Book Image

Oracle VM Manager 2.1.2

By : Tarry Singh
Book Image

Oracle VM Manager 2.1.2

By: Tarry Singh

Overview of this book

Virtualization is taking the technology world by storm and dramatically helping organizations save money. Oracle VM is free and forked from the open source Xen hypervisor, which brings down your upfront costs for an agile data center. The robust capabilities and easy-to-use web interface of Oracle VM Manager helps administrators manage their Internal Data Center from anywhere in the world, helping us come closer to ubiquitous computing. This practical book will give you hands-on experience on how to manage your Virtual Machines using Oracle VM Manager. Equipped with step-by-step installation and management information you will not only learn to manage your Virtual Data Center but also will include this guide among the books you consider most essential. This book will take you into the various methods of importing Virtual Machines. You will learn to import VMs through HTTP/FTP, Repository servers, and even import other VM formats such as VMware VMs. You will also learn about the Xen utilities such as xm, xentop, and virsh. You will learn to manage your VMs through the simple and intuitive web interface of Oracle VM Manager. No matter how compact it may seem, this book covers all the essentials while keeping your learning experience to the point. The book has been deliberately written in a conversational manner so that you feel at home while learning Oracle VM Manager.
Table of Contents (15 chapters)
Oracle VM Manager 2.1.2
About the Author
About the Reviewer

Oracle VM Server

The Oracle VM Server uses the Xen hypervisor technology and Oracle VM Agent. It includes a Linux kernel with support for devices, file systems, and so on. The Linux kernel runs as a dom0 and manages other DomU or VMs, called domains in Xen, the para-virtualization terminology. So essentially dom0 is the first guest booted and typically represents the physical machine by functioning as the supervisor module. Here the DomU could be a Linux, Solaris, or a Windows VM as we can see in the following image.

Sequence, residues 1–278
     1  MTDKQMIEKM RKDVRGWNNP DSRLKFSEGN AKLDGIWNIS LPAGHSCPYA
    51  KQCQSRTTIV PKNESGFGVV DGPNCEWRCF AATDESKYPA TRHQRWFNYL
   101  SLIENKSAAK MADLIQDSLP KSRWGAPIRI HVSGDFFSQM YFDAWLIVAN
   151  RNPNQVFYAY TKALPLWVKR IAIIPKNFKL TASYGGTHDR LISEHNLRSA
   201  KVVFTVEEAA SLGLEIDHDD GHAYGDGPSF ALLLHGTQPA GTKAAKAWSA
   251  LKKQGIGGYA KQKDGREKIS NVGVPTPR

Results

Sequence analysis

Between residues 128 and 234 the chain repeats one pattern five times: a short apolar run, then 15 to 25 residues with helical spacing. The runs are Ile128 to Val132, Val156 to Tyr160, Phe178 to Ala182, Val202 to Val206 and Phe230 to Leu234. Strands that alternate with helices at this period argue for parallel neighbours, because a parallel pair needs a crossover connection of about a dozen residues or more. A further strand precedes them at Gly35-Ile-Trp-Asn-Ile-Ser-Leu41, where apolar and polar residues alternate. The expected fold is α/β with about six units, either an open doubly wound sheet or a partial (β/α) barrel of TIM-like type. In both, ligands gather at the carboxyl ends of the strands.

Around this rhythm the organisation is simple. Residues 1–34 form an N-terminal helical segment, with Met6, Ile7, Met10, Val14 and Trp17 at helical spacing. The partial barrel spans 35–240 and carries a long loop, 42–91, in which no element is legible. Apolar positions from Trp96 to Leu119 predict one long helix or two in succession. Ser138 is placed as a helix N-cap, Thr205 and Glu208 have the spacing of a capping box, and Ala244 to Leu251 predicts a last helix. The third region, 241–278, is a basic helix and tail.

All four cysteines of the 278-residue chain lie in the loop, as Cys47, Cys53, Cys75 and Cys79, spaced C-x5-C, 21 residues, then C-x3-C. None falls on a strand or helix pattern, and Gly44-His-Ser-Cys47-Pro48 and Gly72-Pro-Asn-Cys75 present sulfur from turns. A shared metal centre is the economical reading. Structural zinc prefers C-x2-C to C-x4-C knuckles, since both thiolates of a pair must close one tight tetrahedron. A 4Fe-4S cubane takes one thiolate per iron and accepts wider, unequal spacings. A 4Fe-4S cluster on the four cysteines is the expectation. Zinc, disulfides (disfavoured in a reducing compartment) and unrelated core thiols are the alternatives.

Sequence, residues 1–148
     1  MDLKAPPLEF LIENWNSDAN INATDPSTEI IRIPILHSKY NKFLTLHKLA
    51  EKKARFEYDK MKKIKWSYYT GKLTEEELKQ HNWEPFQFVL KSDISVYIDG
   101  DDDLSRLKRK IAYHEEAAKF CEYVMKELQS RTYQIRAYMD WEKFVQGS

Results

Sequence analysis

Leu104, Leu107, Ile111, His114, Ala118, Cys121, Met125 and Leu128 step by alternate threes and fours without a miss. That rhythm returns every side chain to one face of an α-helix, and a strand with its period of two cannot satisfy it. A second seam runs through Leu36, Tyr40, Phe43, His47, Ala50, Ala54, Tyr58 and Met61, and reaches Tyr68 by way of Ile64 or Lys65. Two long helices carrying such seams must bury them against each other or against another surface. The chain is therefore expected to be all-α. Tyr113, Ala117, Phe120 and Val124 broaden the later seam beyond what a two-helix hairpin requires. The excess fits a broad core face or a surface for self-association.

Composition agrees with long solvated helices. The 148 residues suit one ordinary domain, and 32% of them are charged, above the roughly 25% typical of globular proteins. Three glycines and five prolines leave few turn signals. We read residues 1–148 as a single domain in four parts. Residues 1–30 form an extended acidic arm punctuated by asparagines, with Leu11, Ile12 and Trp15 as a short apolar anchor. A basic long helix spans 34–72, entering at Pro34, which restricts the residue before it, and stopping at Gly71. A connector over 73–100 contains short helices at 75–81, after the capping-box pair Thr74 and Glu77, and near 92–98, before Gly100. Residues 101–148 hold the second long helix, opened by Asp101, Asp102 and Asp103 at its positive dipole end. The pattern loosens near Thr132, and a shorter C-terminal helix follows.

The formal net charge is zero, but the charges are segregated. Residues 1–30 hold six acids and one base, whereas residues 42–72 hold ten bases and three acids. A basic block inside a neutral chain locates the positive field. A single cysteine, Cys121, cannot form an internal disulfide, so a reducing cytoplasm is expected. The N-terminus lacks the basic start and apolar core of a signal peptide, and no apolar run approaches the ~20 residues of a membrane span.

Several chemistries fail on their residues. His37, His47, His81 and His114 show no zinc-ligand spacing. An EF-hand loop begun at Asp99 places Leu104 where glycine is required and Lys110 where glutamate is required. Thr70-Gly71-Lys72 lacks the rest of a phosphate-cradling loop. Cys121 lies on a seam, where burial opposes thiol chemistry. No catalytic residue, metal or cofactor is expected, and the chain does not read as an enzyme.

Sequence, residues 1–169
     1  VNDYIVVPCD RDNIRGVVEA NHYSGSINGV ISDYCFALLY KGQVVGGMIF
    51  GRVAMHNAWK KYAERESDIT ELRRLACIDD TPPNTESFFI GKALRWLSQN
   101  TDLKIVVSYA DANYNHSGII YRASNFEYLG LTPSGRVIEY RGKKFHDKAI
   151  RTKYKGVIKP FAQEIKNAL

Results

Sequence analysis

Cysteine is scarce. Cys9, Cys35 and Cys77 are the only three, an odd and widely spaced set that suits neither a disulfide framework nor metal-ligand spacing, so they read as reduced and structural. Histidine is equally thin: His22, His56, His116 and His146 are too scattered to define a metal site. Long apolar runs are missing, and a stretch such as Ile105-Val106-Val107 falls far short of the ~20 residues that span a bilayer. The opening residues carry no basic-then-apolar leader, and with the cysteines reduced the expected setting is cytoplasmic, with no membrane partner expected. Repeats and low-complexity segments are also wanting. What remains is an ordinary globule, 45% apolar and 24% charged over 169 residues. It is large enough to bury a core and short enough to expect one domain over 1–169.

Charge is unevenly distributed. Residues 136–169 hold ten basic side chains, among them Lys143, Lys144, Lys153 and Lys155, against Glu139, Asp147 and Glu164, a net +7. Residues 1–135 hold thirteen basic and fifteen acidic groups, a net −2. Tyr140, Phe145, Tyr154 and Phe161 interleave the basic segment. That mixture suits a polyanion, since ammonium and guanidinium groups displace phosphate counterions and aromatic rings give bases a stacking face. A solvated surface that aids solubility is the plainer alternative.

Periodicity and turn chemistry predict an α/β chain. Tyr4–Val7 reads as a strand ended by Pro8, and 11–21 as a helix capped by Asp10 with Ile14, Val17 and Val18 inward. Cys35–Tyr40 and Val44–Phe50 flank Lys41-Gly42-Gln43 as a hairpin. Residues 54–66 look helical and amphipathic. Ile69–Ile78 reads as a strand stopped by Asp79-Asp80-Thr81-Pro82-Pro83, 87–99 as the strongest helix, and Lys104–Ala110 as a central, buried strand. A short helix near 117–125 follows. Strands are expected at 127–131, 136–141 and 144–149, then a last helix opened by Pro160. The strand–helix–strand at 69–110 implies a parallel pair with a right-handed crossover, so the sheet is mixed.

Xen hypervisor, Domains, and Virtual Machines

Oracle VM Server is designed so that the only entity that has full control of the system is the hypervisor or so called VMM. It is thin and is constructed using extremely well written code which basically handles your resources and interrupts.

In Xen terminology, we will see Domains, Guests, and VMs are often used interchangeably but they do have their differences. Simply said—Domain, with its virtual four-cores allows a VM to run on it, whereas a Guest is an operating system that runs within a Domain in para-virtualized or hardware virtualized mode (as explained earlier in the modes). A VM or to make it even more stylish, a Virtual Appliance is an operating system with the associated application running inside it.

VMs within an Oracle VM platform that run in para-virtualized modes need the necessary kernel modification and run at near-native speeds. Should the VMs run on hardware-assist virtualization, they run completely unmodified. Such hardware-assisted VMs are carefully monitored for instruction set changes and manipulations. The good part is that Operating Systems such as Microsoft Windows run fine as hardware-assisted VMs.

A lot of work, such as hardware detection in an Oracle VM Server, is performed by the Management domain also referred to as dom0. The VMs are often referred to as DomU. The dom0 is a complete kernel with a vast array of drivers and provides extensive support for file systems, volume management, and much more.

Looking quickly at the big picture, we get an idea of the basic Oracle Cloud Farm that could be built when the consumer starts using Oracle's VM Server and Oracle VM Manager on a large scale.

The following diagram is a high level view of how a typical Oracle Cloud farm can be built with Oracle VM Servers placed in various data centers and Oracle VM Manager managing the farms.